Just what is dry-aged beef? Dry-aged beef has been stored for 14 to 21 days in a humidity and temperature-controlled environment. Dry aging allows moisture to evaporate and enzymes to break down some of the meat’s fibers. Dry aging intensifies the flavor and creates a tender texture that some describe as buttery or velvety. Only the most valued cuts are used to produce this special product. Dry-aged steaks may cook a little faster than the same non-dry aged-cut but the target doneness temperatures are the same.
Ground meat requires special handling. Whether it is beef, poultry, pork, lamb or veal, ground meat carries the greatest potential risk of food-bourne illness. It should be thoroughly cooked before eating because the grinding process introduces potentially harmful bacteria throughout the meat. The USDA recommends cooking ground meats to a internal temperature of at least 165° F for poultry and 160° F for meat.
One reason that beef raised without artificially stimulating growth hormones costs more is because it takes longer to raise. It takes approximately 20 to 24 months vs. about 16 months, which incurs more feed expense. You should look for grass-fed beef that has been raised on a vegetarian diet (not corn), not confined, pastured raised and no antibiotics or hormones added ever.
The best value beef cuts are: Ground Beef, Skirt Steak, Chuck Roast, Chuck Steak, Top Sirloin, Cube Steak, and Stew Meat.
Cooking Time Estimate For Roasting: Depending on the cut, should be about 20 minutes per pound at 350° F for medium.
Best Cooking Methods For Steak:
Rib Steak (Rib) Grill & Pan-Fry
Filet Mignon (Loin) Broil, Grill, Pan-Fry, Sauté
Porterhouse (Loin) Broil, Grill, Pan-Fry
T-Bone (Loin) Broil, Grill, Pan-Fry, Sauté
Strip Steak (Loin) Broil, Grill, Pan-Fry, Sauté
Top Sirloin (Loin) Braise, Broil, Roast, Pan-Fry
Hanger (Flank) Braise, Broil, Grill, Pan-Fry
Flank (Flank) Braise, Grill
Skirt (Flank) Braise, Grill
Chuck Eye Steak (Chuck) Braise, Broil, Grill, Sauté, Stew
Flat Iron Steak (Chuck) Broil, Grill, Pan-Fry, Sauté
Bottom Round Steak (Round) Braise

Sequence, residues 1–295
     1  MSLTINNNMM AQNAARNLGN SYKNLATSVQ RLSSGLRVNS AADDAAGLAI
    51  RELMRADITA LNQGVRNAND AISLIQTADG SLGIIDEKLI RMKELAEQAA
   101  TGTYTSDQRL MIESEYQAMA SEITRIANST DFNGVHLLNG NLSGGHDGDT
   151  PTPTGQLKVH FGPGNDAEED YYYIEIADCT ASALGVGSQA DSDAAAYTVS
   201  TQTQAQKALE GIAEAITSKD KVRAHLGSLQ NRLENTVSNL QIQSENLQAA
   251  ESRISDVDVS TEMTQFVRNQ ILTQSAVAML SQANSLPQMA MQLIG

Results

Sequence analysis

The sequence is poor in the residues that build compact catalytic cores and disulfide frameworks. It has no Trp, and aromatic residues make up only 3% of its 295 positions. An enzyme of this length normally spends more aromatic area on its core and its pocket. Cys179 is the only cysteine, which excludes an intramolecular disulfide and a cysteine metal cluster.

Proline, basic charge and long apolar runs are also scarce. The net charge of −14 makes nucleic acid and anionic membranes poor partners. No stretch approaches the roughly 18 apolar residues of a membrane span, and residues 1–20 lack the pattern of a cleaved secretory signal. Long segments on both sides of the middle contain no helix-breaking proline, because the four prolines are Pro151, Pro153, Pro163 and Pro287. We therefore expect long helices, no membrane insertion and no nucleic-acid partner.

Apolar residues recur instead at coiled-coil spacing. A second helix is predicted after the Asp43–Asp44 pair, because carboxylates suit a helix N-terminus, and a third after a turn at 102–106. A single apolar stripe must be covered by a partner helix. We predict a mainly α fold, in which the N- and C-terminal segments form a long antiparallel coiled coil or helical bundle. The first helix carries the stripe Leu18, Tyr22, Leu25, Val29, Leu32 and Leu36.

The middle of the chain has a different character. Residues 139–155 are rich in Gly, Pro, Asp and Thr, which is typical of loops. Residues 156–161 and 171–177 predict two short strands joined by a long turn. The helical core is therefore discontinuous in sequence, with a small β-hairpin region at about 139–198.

Eye Round Steak (Round) Braise, Sauté
Beef Round Cube Steak (Round) Braise, Grill, Sauté
Top Round Steak (Round) Braise, Broil
London Broil (Varies) Braise, Broil, Grill, Roast
Best Cooking Methods For Beef Roasts & Smaller Cuts:
Rib Roast Bone-In (Rib) Roast
Rib Eye Roast (Rib) Grill, Roast
Tenderloin (Loin) Broil, Grill, Roast
Top Sirloin Roast (Loin) Roast
Tri-Tip Roast (Loin) Broil, Grill, Roast
Fresh Brisket (Plate) Braise, Stew
Flat Cut Corned Brisket (Plate) Braise
Shoulder Roast (Chuck) Braise, Stew
Chuck Roast (Chuck) Braise, Stew
Bottom Round Roast (Round) Braise, Roast, Stew
Eye Round Roast (Round) Braise, Roast, Stew
Sirloin Tip Roast (Round) Broil, Grill, Pan-Fry, Sauté
Short Ribs (Flank) Braise, Stew
Beef Kabobs (Variety) Broil, Grill, Sauté
Extra Lean Round Cubes (Round) Grill, Stew
Shank Bone-In (Round) Braise, Stew
Beef Liver Slices (Variety) Sauté
The USDA recommends cooking all whole muscle cuts of beef to at least these internal temperatures to ensure that potentially harmful bacteria are destroyed. Some people may choose to cook their meat to lower temperatures, depending on preference. Ground beef should be cooked to 160° F.
Desired Doneness: Medium Target Temp: 145° F
Texture: Warm/Firm Center Color: Light Pink
Desired Doneness: Medium Well Target Temp: 155° F
Texture: Very Warm/Firm Center Color: Gray, Tinged With Pink
Desired Doneness: Well Done Target Temp: 165° F
Texture: Hot/Dense/Hard Center Color: Grayish Tan
Residual Heat: Residual heat continues to cook meat after you’ve taken it off the grill or out of the oven or pan. It’s important to factor this rise in temperature into your timing and remove the meat from the heat before hitting the target temperatures above – an average of 5° for steaks up to 15° for large roasts.
Nothing says grilling season like a hot & juicy burger. You can enjoy an American favorite that is new and improved by giving your burger a healthy twist without skimping on flavor. Here are some things that you can do to create a better burger.
Choose Your Patty: For a classic burger it is important to choose the leanest ground beef available. Purists will tell you to use the fattiest ground beef, but if you are trying to cut down on fat and create a healthier burger try using lean meat. I like to use ground sirloin. You also might try: Ground Turkey Breast (usually 99% fat free); Ground Buffalo/Bison (naturally sweet & lean); Veggie Burgers (usually has one seventh the saturated fat of traditional burgers); Fish Burgers; Salmon Burgers (rich in omega-3); Mushroom Burgers (made from large grilled Portobello mushrooms).
Jazz Up Your Burgers: Spices and condiments are key here. Mix in or season your burgers with salt free or low sodium spices. You can get creative here to suit your tastes or mood. I like to use Cajun spices, Italian spices and sometimes a touch of curry spices. You can get a fiber boost and add texture by adding chopped or grated vegetables or herbs.
To Bun Or Not To Bun: Who says a burger must be served on a traditional white bun? Feel free to serve your burgers on 100% whole grain buns or pita pockets. If you are going for a totally bunless burger you might want to try sturdy lettuce or cabbage leaves.
Accessorize: The tasty trimming options are endless, but here are a few ideas. Choose condiments that are low in fat, sodium and sugar. Read the labels on varieties of ketchup, mayonnaise, mustard, relish and salsa. Choose low-fat or fat-free varieties of cheese. The white cheeses tend to be lower in fat such as Swiss or provolone. Top your burger with grilled onions and sliced tomatoes. Instead of using iceberg lettuce try radicchio, arugula or romaine. While you’re at it add cucumber slices, radish slices or red pepper rings for some extra crunch.